Cooking can be one of life's most enjoyable, soul-satisfying activities. It is a way to simultaneously exercise both the creative and nurturing sides of a cook's personality. Cleaning up afterward, of course, is just work. Modern automatic dishwashers have made the job easier, and the battery of modern technology represented by nonstick pans, new cleansers and nylon scrubbing pads are all helpful. However, eggs and other protein-based foods can stick badly, and will still usually require some effort to remove.
Scrape away as much of the excess egg as you can. Use metal utensils on cast iron or stainless steel, but most other surfaces require wood or plastic.
Soak the pan in warm, soapy water for at least five minutes or up to 30 minutes for easier scrubbing. This will soften and loosen the cooked-on egg.
Scrape out the softened egg as much as possible with a nonmetallic spatula or wooden spoon. Discard the egg.
Scrub the remaining egg from the pan using a non-abrasive nylon scrubbing pad or scouring sponge. Rinse well under very hot water, then air-dry.
Special Method for Cast-Iron Pans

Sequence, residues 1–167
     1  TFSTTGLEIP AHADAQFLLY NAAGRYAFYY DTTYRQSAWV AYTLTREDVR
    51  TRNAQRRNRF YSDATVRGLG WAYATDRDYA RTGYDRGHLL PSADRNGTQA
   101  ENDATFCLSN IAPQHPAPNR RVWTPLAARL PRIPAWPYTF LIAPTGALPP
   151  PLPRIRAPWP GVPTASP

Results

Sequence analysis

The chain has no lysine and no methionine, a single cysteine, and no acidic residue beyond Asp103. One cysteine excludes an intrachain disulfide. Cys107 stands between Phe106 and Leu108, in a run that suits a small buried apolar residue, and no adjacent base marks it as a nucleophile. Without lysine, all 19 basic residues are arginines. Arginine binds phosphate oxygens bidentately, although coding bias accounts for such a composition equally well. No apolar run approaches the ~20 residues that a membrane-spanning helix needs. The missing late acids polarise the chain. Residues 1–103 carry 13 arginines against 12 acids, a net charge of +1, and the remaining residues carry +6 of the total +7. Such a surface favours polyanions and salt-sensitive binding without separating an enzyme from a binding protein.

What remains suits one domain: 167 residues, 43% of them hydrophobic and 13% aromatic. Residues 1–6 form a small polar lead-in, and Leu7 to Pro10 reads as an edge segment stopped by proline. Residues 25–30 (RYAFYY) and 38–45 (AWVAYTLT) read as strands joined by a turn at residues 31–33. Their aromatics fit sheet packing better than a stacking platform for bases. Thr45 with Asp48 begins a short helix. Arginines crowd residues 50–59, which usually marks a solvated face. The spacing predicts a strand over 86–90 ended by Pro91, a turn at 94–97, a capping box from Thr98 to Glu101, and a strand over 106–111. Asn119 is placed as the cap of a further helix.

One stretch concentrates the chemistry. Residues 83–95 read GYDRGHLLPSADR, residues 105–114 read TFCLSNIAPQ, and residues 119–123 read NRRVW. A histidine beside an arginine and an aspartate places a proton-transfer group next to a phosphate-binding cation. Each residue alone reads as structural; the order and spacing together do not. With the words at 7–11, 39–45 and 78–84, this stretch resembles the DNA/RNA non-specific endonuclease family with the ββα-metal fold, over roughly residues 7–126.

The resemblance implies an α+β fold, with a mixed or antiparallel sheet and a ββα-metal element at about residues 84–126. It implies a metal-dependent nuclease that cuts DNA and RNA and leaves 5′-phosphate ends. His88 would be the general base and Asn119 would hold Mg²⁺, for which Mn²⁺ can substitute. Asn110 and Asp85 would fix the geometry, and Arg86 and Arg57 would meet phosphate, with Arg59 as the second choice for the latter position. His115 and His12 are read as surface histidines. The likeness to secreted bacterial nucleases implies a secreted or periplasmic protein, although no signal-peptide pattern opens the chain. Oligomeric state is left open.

Scrape away as much egg as possible in your cast-iron pan using a spatula or wooden spoon. When the pan has cooled, run a small amount of cold water into the bottom and allow it to rest for five minutes. Don't use dish soap as it will damage the pan's seasoning.
Repeat the scraping process, removing as much of the soaked egg as possible. Scrub lightly with a non-abrasive scrubbing pad, if necessary.
Heat the pan over a medium burner, if a small amount of egg is still stuck. Pour 1 tbsp. of oil into the pan and swirl it to cover the entire surface.
Pour 1/2 cup of coarse salt into the cast-iron skillet and use a wadded kitchen towel to scrub vigorously with the salt until all remaining egg residue has been removed. Pour the salt into a heatproof bowl.
Wipe the hot pan with a clean cloth dipped in vegetable oil to coat the surface and prevent oxidation. Cool the pan and wipe away any excess oil.
- "Professional Cooking"; Wayne Gisslen; 2003
- "On Food and Cooking: The Science and Lore of the Kitchen"; Harold S. McGee; 2004
Fred Decker is a trained chef, former restaurateur and prolific freelance writer, with a special interest in all things related to food and nutrition. His work has appeared online on major sites including Livestrong.com, WorkingMother.com and the websites of the Houston Chronicle and San Francisco Chronicle; and offline in Canada's Foodservice & Hospitality magazine and his local daily newspaper. He was educated at Memorial University of Newfoundland and the Northern Alberta Institute of Technology.